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Wednesday, March 12, 2008

No more politics as usual in Malaysia

March 12, 2008
No more politics as usual in Malaysia
By K Kesavapany
IN A confounding repudiation of pundits who had predicted otherwise, Malaysia's ruling coalition, the Barisan Nasional (BN), failed to secure a two-thirds majority in the country's 12th general election. Although the BN's simple majority enables it to form the next federal government, its loss of the two-thirds majority portends fundamental changes in the way in which it manages the political system.
The ruling coalition can no longer push through its policies and programmes in Parliament by itself, but will have to accommodate the opposition and proceed through compromise. The government will have to take into account the opposition's calls for better governance, greater transparency and stricter adherence to the rule of law in the political process.

On the economic front, accommodation will mean that the government will have to take seriously opposition calls for fairness in the distribution of the economic cake. On the social front, the ruling coalition will have to pay attention to racial and religious minorities' complaints of discrimination.

In the immediate future, the BN will have to rectify a mistake in its campaign strategy: Its focus on development in the macro sense. Though Malaysians want development, they responded to the opposition's emphasis on mundane but real 'bread and butter' issues such as the rising cost of living and increasing crime.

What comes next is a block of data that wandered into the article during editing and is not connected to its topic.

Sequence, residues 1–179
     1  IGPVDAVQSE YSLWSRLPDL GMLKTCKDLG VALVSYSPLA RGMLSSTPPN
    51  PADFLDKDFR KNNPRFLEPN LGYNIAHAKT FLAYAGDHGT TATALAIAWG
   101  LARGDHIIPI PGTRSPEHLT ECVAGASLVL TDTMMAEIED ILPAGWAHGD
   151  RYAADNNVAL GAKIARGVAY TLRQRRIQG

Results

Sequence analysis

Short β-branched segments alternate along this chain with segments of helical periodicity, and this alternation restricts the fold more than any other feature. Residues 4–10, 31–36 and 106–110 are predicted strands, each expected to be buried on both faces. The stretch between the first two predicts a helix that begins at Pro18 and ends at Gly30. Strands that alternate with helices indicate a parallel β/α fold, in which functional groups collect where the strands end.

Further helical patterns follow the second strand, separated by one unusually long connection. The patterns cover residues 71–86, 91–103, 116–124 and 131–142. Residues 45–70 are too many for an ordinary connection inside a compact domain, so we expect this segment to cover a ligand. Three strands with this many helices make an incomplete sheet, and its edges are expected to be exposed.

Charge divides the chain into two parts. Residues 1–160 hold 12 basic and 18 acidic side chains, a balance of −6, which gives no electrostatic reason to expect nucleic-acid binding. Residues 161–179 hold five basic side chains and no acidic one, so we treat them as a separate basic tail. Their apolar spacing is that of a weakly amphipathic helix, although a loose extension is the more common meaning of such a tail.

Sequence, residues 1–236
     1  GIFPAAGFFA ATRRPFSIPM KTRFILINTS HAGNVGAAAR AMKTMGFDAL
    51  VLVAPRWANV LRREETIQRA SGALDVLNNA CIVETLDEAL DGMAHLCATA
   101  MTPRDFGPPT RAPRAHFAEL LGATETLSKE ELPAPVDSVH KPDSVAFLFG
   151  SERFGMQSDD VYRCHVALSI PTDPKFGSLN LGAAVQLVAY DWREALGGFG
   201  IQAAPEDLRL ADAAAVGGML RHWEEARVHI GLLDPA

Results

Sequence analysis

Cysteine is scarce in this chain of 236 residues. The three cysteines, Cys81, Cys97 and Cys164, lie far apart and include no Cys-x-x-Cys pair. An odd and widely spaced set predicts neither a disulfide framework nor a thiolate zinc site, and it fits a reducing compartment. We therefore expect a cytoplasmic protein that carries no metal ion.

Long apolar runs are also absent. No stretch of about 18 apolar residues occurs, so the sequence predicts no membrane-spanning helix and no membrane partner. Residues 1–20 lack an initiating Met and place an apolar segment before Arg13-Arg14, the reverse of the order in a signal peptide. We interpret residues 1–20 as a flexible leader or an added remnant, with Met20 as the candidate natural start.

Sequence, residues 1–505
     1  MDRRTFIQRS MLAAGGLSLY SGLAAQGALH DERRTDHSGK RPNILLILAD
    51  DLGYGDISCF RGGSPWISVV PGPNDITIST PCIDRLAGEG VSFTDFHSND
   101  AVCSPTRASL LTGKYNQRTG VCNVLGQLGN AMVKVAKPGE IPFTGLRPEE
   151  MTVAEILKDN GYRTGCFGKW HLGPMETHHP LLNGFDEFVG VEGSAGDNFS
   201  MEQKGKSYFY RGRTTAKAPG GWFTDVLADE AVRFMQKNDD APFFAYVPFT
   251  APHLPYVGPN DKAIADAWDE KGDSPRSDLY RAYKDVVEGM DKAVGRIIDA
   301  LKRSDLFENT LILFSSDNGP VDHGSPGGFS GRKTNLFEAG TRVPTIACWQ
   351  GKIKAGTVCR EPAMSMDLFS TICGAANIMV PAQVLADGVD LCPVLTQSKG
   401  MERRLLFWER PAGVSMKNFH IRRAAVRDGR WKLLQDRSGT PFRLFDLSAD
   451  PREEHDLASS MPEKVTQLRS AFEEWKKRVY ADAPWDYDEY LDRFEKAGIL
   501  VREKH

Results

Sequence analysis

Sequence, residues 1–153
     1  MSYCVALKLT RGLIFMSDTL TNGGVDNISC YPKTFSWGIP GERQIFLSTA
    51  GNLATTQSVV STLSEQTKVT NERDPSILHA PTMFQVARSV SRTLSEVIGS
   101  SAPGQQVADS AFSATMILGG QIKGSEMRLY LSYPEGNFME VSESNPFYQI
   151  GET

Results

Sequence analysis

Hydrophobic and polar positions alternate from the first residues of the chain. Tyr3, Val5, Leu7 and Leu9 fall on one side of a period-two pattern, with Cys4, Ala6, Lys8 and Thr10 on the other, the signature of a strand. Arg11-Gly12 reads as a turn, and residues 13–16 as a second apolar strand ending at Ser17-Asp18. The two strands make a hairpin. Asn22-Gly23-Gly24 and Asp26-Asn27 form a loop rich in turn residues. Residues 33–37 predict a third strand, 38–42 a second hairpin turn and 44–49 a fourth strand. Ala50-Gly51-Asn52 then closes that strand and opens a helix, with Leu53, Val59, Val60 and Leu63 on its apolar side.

The election represents a monumental achievement for the opposition. The BN's inability to wrest back Kelantan was not unexpected, given the extent to which the Parti Islam SeMalaysia (PAS) is entrenched in that state. What was unexpected was the Democratic Action Party achieving at last its goal of taking over Penang, the BN's astonishing loss of Kedah, the home state of former prime minister Mahathir Mohamad, and the loss of Perak and Selangor.

Two consequences follow from these results. First, the ruling coalition will now have to pay close attention to the management of centre-state relations. The old formula, of the BN being in control of both the federal government and an overwhelming number of state governments, will no longer apply in five key states.

IN A confounding repudiation of pundits who had predicted otherwise, Malaysia's ruling coalition, the Barisan Nasional (BN), failed to secure a two-thirds majority in the country's 12th general election. Although the BN's simple majority enables it to form the next federal government, its loss of the two-thirds majority portends fundamental changes in the way in which it manages the political system.
The ruling coalition can no longer push through its policies and programmes in Parliament by itself, but will have to accommodate the opposition and proceed through compromise. The government will have to take into account the opposition's calls for better governance, greater transparency and stricter adherence to the rule of law in the political process.

On the economic front, accommodation will mean that the government will have to take seriously opposition calls for fairness in the distribution of the economic cake. On the social front, the ruling coalition will have to pay attention to racial and religious minorities' complaints of discrimination.